Debt cited as key factor in high power bills|Editor’s note: This is the first article in a two-part series about a meeting between Washington, Belhaven and New Bern officials and representatives of ElectriCities and the N.C. Eastern Municipal Power Agen

Published 11:46 am Wednesday, April 21, 2010

Contributing Editor

Leaving the N.C. Eastern Municipal Power Agency is possible but impractical Washington, Belhaven and New Bern officials were told Monday night at a meeting with NCEMPA and ElectriCities officials.
The governing bodies of the three NCEMPA members met with Graham Edwards, ElectriCities CEO; and Ken Raber, senior vice president of NCEMPA; and other ElectriCities representatives at the Washington Civic Center. Also attending the meeting were employees of the three municipalities and members of the public. ElectriCities is a trade organization that provides administrative support and other services such as training for NCEMPA members and members of the power agency that serves the western part of the state.
“Yes. You can get out of the power agency,” Edwards said. “If it’s economical, I’ll help you get out of the power agency.”
Asked if he had been approached directly or indirectly by a NCEMPA member interested in leaving the power agency, Edwards said that had not happened. He said some NCEMPA members have inquired about what they would need to do if they opted to leave the power agency. Edwards also said he is aware of media accounts of some NCEMPA members considering leaving the power agency.
Washington officials have said they are keeping abreast of the movement calling for power agency members to disconnect from the power agency. NCEMPA members buy their power wholesale from the power agency, then sell it to their customers. Those customers are complaining about their electric rates being higher than those of customers with power providers such as Progress Energy.
Edwards said the biggest challenge facing any NCEMPA member wishing to leave the power agency is paying off its share of debt it owes as a NCEMPA member. Collectively, the 32 NCEMPA members face $2.4 billion in debt. Currently, Washington’s share of that debt is $144 million, with Belhaven’s share of that debt at $9.98 million. The bulk of that debt is to pay for the construction of power plants, including nuclear power plants, some built as far back as the mid-1970s. NCEMPA members have ownership in those power plants.
Washington, Belhaven and other public-power municipalities have contracts with NCEMPA. Those contracts, which 32 cities and towns in eastern North Carolina signed in the 1970s, commit those municipalities to repaying a share of the debt incurred as the result of building nuclear power plants owned by NCEMPA. The contracts require those cities and towns to buy their electricity from NCEMPA.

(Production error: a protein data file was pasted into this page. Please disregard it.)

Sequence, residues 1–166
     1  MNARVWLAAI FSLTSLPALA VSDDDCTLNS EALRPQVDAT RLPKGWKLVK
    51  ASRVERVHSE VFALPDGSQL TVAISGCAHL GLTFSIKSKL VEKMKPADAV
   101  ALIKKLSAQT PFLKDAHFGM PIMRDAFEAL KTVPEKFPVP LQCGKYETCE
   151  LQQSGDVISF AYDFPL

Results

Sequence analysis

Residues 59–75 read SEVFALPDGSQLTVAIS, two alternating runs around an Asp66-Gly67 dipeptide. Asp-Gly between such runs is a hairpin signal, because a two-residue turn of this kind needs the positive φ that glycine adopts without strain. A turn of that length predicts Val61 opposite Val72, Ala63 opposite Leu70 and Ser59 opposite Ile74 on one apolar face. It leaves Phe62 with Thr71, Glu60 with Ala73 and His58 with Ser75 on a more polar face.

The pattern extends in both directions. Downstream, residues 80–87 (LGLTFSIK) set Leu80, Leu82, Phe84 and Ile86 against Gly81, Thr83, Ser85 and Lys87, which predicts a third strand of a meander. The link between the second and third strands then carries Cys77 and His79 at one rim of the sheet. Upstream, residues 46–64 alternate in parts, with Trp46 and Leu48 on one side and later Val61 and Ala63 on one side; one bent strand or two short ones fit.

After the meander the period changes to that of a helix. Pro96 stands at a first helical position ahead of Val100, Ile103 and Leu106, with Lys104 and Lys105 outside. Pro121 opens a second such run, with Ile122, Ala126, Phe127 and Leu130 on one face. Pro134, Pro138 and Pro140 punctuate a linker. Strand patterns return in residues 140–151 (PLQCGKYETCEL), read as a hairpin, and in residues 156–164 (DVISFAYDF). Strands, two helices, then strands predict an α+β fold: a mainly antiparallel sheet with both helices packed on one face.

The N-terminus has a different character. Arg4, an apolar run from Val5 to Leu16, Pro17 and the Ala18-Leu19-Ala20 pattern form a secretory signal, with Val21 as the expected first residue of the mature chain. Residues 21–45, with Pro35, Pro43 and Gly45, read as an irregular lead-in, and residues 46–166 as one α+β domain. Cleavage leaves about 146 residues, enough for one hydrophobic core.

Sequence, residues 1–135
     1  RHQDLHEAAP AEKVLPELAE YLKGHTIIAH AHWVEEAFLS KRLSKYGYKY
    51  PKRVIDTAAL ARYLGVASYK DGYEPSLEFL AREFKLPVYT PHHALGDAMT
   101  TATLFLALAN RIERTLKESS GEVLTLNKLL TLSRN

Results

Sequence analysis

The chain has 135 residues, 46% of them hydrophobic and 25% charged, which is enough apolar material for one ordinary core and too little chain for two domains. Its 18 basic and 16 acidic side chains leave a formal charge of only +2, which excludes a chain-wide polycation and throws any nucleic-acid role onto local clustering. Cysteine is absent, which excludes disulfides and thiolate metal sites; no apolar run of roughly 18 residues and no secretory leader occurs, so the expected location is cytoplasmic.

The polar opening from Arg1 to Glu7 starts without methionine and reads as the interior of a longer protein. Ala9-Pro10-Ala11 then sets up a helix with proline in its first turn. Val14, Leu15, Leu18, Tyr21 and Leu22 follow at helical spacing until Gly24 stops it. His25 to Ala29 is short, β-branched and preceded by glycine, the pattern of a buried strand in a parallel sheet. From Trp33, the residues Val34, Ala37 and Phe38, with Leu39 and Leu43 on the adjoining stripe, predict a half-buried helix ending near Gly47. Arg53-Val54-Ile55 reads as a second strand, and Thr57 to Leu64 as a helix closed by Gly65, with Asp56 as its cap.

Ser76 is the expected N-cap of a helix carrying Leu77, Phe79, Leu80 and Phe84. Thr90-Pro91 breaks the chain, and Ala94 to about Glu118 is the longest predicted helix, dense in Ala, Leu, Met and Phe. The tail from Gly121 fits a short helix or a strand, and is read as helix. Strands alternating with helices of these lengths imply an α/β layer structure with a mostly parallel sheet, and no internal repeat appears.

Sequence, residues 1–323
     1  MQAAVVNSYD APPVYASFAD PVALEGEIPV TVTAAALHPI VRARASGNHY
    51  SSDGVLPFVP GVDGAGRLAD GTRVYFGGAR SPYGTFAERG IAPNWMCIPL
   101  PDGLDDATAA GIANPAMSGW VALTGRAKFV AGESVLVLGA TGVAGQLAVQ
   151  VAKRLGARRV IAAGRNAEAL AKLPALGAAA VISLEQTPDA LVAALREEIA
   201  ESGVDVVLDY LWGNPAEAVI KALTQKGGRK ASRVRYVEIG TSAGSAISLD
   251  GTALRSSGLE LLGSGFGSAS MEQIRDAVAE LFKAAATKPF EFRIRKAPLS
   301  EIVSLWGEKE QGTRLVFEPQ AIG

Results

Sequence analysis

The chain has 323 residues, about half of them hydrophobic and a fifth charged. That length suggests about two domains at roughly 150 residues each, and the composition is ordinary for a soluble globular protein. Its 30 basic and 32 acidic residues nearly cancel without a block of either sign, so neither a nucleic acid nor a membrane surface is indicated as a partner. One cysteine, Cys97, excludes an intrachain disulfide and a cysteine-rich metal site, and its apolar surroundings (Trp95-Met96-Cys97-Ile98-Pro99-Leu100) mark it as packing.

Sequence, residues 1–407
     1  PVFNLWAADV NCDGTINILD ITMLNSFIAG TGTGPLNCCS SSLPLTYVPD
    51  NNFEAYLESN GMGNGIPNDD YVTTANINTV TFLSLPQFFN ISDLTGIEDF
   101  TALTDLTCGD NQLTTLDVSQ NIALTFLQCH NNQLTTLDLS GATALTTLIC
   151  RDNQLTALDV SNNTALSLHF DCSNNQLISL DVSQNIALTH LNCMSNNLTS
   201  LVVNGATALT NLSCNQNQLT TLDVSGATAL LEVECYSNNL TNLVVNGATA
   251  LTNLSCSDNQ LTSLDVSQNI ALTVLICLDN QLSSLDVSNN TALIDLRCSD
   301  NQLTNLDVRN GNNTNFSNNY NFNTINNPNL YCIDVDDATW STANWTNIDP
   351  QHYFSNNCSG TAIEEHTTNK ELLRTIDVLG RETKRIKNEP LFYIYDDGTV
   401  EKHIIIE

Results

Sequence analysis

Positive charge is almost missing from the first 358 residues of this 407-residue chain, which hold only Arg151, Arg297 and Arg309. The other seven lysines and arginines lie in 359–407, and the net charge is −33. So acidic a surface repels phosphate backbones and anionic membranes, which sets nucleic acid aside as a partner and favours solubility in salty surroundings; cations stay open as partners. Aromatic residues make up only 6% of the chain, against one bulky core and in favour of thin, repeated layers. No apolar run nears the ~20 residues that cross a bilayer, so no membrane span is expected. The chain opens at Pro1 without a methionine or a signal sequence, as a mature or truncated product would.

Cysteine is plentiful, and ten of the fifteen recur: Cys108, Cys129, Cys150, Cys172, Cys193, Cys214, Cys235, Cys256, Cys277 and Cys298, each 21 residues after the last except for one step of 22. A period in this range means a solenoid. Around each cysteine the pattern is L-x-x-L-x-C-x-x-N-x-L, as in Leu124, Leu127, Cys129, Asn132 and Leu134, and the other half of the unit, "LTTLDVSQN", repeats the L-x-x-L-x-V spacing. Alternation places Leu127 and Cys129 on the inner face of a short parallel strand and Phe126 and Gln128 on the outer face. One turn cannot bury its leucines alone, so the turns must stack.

Edwards said that, systemwide, about 36 percent of the cost of power paid by NCEMPA members is tied to the $2.4 billion debt on the bonds.
In Washington’s case, about 70 percent of the city’s wholesale electric bill goes toward retiring the city’s share of that debt, according to city officials.
In Washington, about 40 cents for each energy-related dollar paid by a residential customer goes toward retiring the city’s NCEMPA-related debt, those officials have said.
Getting rid of that debt would remove a large cost area that makes up the electric bills for NCEMPA members and their customers, Edwards said. That debt is scheduled to be fully retired by 2026.
NCEMPA has refinanced its debt twice, the maximum amount it’s allowed to finance such debt under existing regulations, Edwards said. However, NCEMPA is exploring ways, including legislation that would change existing regulations regarding refinancing of debt, that would provide it other avenues to ease the debt burden of power agency members, he said.
Michael Colo, the lawyer representing NCEMPA, addressed the debt issue, too. Colo discussed several options cities and towns could consider when it comes to leaving the power agency. His remarks echoed what he told the Daily News in an interview in February.
(Those options, previously outlined in the Daily News, will be discussed again in the second installment of this series, which is scheduled for publication Thursday.)
Raber said he understands that increases in the wholesale rate NCEMPA charges its members have burdened them and their customers with higher electric bills.
“It’s been a tough five years. No question about it,” Raber said.
As for the past several increases in the wholesale rate NCEMPA charges it members for power, those increases were needed to put the power agency on sound financial footing, Edwards said.
Edwards said NCEMPA does “need to become more price competitive” with other power providers. NCEMPA and ElectriCities is working with public-power municipalities to identify ways to decrease their costs by reducing power consumption, especially during peak times, and reducing operational and maintenance costs associated with their power systems.
“You might not always like the message we’re going to tell you, but we’ll tell you like it is,” he said.
Still, Washington, Belhaven and New Bern officials continue to seek relief for their power customers struggling to pay high electric bills. That includes making customers aware of conservation and best-management practices that will help them reduce their power consumption and their electric bills.